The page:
Staying Happy in the Social Media Era

If we’re exploring the role of relationships in happiness, we need to look into social comparison.

It’s great that relationships make us happier, but what if our friends are more successful? Or less successful? What impact does it have when we see photos of other people’s cool vacation and new houses?

How does our mindset and happiness change based on comparison to the people around us? Or the people we see on social media?

And how can we be happy in an age when everyone shares everything online?

Let’s find out!

Comparing Up and Comparing Down

Sonja Lyubomirsky, a happiness researcher that we leaned heavily on in exploring the science of happiness, described an early experiment that she conducted as a graduate student at Stanford.

She was studying people whose friends described them as exceptionally happy or exceptionally unhappy to find out how they viewed themselves relative to others.

She expected that the happiest people would compare themselves to people that were less successful and that the unhappy people would compare themselves to people that were more successful.

After all, if you viewed yourself as more successful than average, that would seem to be a cause for happiness while viewing yourself as less successful than everyone else would seem to be a cause for unhappiness.

Measuring Yourself Against Yourself

That’s not what the study found, however.

Instead, the happiest people didn’t compare themselves to others at all, while the unhappy people compared themselves to people all across the spectrum.

This set off a string of research on the subject that ultimately found that happy people celebrate with and find joy in the success of others and sympathize and show concern for the failures of others, but ultimately measure their own achievement against internal standards.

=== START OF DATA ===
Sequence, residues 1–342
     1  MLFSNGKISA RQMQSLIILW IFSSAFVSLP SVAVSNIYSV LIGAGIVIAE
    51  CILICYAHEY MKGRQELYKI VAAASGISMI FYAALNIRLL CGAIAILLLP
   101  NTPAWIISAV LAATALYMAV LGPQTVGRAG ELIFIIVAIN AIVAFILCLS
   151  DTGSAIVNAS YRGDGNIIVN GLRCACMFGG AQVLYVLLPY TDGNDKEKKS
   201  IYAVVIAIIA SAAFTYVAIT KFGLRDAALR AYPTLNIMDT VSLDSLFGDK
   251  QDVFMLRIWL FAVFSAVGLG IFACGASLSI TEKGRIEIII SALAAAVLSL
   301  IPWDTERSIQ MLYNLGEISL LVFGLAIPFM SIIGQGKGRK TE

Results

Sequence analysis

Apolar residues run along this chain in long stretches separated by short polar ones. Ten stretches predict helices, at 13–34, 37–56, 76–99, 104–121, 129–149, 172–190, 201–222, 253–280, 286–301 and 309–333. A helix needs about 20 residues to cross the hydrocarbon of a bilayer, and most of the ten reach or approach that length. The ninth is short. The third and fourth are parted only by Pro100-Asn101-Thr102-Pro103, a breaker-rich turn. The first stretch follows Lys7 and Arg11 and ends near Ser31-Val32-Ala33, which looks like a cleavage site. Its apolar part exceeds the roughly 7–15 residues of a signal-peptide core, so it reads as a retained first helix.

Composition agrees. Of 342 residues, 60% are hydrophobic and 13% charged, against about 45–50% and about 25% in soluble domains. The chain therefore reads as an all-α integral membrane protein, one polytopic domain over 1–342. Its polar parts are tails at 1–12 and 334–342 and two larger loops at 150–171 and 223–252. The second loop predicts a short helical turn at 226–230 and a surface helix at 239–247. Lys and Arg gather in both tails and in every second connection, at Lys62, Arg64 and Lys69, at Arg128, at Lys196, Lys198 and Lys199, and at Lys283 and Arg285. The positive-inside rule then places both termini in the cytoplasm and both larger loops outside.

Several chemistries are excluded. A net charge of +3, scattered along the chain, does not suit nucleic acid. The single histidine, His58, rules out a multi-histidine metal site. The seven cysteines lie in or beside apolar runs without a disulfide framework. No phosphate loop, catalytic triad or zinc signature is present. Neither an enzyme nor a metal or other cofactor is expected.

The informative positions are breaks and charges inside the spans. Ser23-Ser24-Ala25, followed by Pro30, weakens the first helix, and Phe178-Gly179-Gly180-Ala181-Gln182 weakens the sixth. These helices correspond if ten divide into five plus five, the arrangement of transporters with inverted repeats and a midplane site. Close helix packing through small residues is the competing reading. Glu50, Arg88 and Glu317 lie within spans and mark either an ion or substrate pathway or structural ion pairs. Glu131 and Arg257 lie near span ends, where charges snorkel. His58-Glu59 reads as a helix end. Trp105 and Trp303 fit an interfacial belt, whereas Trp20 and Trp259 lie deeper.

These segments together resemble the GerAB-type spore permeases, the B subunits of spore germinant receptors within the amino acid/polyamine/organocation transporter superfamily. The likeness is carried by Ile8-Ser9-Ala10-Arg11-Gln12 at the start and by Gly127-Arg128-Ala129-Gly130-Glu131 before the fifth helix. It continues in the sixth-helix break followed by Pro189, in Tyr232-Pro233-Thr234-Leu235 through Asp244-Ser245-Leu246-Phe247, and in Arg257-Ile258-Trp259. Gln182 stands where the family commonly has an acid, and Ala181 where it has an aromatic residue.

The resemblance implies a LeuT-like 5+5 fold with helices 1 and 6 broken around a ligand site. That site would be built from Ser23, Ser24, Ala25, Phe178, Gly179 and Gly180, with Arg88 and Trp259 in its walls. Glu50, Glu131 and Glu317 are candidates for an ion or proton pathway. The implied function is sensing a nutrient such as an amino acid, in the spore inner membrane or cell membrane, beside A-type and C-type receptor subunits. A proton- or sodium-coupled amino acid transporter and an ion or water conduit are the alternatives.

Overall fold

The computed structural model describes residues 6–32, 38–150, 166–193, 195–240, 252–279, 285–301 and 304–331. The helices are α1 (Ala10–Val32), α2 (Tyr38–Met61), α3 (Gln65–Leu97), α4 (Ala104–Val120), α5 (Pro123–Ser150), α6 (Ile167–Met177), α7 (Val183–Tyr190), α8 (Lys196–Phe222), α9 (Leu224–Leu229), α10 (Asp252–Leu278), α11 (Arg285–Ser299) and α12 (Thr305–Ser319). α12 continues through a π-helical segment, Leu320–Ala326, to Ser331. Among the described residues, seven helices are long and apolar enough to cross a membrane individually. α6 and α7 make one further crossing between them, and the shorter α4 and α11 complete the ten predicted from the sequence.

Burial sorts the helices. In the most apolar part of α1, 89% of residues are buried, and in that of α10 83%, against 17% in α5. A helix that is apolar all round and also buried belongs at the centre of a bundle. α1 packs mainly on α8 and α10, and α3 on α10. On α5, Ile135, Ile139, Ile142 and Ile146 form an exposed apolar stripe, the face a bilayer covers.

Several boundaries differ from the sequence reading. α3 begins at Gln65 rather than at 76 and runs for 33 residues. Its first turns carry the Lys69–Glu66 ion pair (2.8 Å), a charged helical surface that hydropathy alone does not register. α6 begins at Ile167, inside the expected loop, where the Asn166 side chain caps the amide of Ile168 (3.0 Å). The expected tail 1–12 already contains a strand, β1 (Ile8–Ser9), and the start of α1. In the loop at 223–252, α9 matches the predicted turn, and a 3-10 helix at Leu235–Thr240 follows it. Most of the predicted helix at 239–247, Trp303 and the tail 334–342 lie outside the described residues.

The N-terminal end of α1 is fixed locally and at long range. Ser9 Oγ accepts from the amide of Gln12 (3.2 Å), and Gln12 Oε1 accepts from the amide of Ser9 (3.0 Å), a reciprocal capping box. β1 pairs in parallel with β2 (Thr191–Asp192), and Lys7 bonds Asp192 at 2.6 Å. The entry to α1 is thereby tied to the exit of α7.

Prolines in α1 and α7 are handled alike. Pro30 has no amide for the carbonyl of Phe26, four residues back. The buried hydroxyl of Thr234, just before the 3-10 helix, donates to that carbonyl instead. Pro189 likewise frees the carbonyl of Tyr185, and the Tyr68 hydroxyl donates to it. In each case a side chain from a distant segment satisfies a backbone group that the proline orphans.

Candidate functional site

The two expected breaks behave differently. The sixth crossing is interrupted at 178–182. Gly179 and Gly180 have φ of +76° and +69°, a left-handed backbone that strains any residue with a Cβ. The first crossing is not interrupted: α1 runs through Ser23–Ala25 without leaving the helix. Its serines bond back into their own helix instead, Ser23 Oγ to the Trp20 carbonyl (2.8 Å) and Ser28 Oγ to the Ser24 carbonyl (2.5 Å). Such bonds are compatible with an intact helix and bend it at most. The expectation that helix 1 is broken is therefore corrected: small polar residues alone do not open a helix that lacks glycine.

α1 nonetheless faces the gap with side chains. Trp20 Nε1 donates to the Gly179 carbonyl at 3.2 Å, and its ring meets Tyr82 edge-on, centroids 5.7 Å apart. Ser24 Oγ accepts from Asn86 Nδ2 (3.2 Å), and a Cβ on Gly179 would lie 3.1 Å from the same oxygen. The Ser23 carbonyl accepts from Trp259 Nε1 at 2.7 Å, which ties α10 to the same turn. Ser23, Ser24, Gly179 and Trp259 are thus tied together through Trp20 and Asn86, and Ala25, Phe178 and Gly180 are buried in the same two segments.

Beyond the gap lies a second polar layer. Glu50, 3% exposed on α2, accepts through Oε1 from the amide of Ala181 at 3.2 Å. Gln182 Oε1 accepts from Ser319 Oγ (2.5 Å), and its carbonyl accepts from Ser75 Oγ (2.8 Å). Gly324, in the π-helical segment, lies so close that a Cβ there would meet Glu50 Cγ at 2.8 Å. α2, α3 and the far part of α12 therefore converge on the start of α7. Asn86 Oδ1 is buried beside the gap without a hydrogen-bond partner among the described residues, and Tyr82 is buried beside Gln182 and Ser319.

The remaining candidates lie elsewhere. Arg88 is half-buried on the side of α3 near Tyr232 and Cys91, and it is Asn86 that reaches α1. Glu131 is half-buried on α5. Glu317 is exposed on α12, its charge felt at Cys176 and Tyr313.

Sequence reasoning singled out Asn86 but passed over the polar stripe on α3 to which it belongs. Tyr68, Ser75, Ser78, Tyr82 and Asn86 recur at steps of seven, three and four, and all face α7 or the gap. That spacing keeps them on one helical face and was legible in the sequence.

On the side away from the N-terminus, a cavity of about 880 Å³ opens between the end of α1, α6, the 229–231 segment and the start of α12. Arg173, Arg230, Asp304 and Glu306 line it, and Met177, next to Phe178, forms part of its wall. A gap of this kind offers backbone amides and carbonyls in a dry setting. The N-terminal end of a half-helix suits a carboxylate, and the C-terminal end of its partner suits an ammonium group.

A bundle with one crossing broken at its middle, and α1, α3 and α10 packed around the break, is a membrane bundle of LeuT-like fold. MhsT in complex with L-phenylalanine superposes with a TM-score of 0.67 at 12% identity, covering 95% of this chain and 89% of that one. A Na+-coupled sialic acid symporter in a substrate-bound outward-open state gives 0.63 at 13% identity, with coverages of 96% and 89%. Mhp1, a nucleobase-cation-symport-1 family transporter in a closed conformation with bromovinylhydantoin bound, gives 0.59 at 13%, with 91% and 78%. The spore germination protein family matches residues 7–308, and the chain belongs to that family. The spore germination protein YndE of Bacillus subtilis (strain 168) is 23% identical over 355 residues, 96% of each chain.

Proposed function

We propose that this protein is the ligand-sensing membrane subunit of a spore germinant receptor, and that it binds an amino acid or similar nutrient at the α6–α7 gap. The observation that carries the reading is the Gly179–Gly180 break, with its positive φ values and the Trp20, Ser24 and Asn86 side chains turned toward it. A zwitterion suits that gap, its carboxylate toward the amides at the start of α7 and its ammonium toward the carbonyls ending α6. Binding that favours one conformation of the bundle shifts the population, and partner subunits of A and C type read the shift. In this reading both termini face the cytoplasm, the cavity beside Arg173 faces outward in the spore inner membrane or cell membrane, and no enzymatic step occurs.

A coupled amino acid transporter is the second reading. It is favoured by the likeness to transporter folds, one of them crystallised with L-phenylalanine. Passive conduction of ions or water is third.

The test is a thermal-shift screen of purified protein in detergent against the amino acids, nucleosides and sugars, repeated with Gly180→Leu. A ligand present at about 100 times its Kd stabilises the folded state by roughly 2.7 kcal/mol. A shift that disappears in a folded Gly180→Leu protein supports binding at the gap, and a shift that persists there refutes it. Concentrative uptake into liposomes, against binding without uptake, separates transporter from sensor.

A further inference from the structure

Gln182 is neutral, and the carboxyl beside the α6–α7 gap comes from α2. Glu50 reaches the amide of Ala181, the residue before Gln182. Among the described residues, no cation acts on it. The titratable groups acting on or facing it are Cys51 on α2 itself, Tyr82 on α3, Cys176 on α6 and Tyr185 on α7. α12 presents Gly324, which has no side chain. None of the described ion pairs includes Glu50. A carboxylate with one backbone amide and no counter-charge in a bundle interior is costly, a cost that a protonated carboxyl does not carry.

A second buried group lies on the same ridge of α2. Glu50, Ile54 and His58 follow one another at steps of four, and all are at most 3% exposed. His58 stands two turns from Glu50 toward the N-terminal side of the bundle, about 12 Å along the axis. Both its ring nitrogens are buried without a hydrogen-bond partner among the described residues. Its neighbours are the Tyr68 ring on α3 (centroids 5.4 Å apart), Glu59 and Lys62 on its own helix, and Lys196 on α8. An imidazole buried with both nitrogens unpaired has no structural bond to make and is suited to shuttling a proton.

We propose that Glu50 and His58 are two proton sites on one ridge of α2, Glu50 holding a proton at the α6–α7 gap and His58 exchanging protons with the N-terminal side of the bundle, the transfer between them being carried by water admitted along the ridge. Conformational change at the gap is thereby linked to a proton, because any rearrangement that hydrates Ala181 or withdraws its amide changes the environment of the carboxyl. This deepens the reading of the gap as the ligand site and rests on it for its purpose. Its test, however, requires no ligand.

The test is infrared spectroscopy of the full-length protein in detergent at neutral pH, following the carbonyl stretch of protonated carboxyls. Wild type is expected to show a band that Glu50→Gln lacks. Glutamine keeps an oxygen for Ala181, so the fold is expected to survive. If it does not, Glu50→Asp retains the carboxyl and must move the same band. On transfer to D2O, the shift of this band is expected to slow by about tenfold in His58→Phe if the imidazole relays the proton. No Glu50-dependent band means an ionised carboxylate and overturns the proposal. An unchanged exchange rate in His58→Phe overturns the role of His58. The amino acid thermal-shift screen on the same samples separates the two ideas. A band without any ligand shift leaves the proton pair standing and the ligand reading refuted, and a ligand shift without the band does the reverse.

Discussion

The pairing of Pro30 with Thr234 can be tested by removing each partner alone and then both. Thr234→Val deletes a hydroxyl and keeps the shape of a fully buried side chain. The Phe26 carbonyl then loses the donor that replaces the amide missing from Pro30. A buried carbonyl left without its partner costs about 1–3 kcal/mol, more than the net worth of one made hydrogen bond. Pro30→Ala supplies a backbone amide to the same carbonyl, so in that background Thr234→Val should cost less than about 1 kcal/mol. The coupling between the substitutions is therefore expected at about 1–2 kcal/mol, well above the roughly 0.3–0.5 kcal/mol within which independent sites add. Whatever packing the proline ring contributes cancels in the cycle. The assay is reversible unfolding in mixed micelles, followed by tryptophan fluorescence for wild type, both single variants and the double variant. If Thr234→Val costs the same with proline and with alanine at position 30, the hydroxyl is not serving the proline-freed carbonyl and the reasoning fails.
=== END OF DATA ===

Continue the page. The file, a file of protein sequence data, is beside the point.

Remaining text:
Unhappy people find themselves jealous and insecure at the success of others and relieved by others’ failure.

It Could Be Worse

It’s easy to see these results and try to take a short cut.

Learning to measure yourself against internal standards is hard work, so most of us are starting out in a place of comparing ourselves to others.

If that’s the case, then it seems better to compare “downward” than “upward.” It is easy to read this as suggesting that we should compare ourselves to people who are less successful or lucky or healthy in order to avoid jealousy and insecurity.

While an “it could always be worse” outlook can be helpful in keeping perspective, actively comparing yourself to people that are less successful or lucky or healthy can often lead to guilt and fear. Measuring yourself against others leads to negative consequences regardless of whether the comparison is positive or negative.

Be careful of the line between “this is not as bad as it could be” and “this is not as bad as what happened to Jim.”

Social Media is Bringing Us Down

A discussion of comparing ourselves to others these days would be incomplete without a discussion of social media.

We live in an age where the highlights of everyone else’s lives are always on display. We can see our friends’ kids on Facebook and their amazing vacation adventures on Instagram. We follow people on Twitter and SnapChat (is that still a thing?) and all sorts of other venues that lend themselves to an easy comparison between ourselves and what we see of others’ lives.